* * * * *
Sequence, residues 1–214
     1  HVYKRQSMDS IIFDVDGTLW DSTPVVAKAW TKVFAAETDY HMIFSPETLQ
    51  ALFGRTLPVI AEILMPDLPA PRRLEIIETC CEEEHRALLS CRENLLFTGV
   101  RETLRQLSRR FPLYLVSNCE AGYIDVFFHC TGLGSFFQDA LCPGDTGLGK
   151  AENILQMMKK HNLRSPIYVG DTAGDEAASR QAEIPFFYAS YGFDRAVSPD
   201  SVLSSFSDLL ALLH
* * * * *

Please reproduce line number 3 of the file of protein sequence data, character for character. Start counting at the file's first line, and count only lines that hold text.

    51  ALFGRTLPVI AEILMPDLPA PRRLEIIETC CEEEHRALLS CRENLLFTGV